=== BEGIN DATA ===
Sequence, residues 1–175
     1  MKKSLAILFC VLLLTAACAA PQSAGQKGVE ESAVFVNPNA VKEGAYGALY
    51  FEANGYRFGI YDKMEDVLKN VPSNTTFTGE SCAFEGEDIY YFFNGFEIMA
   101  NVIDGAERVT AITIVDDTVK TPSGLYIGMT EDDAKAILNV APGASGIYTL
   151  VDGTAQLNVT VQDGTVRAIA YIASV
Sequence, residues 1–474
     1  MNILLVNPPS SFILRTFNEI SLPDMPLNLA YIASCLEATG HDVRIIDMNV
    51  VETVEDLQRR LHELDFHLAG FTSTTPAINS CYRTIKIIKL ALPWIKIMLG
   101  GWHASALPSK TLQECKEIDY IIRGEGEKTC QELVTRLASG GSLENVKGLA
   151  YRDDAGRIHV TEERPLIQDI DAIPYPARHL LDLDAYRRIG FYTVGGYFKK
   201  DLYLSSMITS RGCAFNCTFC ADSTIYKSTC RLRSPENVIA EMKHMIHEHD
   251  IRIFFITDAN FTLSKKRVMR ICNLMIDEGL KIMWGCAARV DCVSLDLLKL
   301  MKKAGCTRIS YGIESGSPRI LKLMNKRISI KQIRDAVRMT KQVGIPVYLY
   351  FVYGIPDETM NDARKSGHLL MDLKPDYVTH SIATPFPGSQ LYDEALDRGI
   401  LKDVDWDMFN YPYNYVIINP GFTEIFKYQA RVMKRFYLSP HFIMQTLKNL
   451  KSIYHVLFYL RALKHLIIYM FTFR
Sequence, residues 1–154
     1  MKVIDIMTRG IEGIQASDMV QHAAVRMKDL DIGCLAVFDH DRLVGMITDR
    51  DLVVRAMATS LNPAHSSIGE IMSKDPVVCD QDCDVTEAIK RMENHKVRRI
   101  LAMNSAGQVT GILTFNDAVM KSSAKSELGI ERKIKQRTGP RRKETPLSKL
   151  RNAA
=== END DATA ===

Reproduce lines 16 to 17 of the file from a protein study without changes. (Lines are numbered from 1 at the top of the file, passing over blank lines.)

   451  KSIYHVLFYL RALKHLIIYM FTFR
Sequence, residues 1–154